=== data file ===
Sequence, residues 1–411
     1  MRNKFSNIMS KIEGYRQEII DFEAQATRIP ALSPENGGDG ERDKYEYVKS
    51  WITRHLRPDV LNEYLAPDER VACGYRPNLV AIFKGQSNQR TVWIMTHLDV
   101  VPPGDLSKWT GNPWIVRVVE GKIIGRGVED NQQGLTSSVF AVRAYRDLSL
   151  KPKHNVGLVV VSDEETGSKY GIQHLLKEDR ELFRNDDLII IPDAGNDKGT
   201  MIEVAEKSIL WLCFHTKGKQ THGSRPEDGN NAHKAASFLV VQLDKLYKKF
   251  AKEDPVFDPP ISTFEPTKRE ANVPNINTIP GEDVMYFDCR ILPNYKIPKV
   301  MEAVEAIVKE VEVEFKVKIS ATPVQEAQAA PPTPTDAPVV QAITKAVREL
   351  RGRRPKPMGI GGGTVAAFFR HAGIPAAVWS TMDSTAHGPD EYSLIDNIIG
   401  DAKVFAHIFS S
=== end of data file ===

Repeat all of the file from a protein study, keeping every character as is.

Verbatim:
Sequence, residues 1–411
     1  MRNKFSNIMS KIEGYRQEII DFEAQATRIP ALSPENGGDG ERDKYEYVKS
    51  WITRHLRPDV LNEYLAPDER VACGYRPNLV AIFKGQSNQR TVWIMTHLDV
   101  VPPGDLSKWT GNPWIVRVVE GKIIGRGVED NQQGLTSSVF AVRAYRDLSL
   151  KPKHNVGLVV VSDEETGSKY GIQHLLKEDR ELFRNDDLII IPDAGNDKGT
   201  MIEVAEKSIL WLCFHTKGKQ THGSRPEDGN NAHKAASFLV VQLDKLYKKF
   251  AKEDPVFDPP ISTFEPTKRE ANVPNINTIP GEDVMYFDCR ILPNYKIPKV
   301  MEAVEAIVKE VEVEFKVKIS ATPVQEAQAA PPTPTDAPVV QAITKAVREL
   351  RGRRPKPMGI GGGTVAAFFR HAGIPAAVWS TMDSTAHGPD EYSLIDNIIG
   401  DAKVFAHIFS S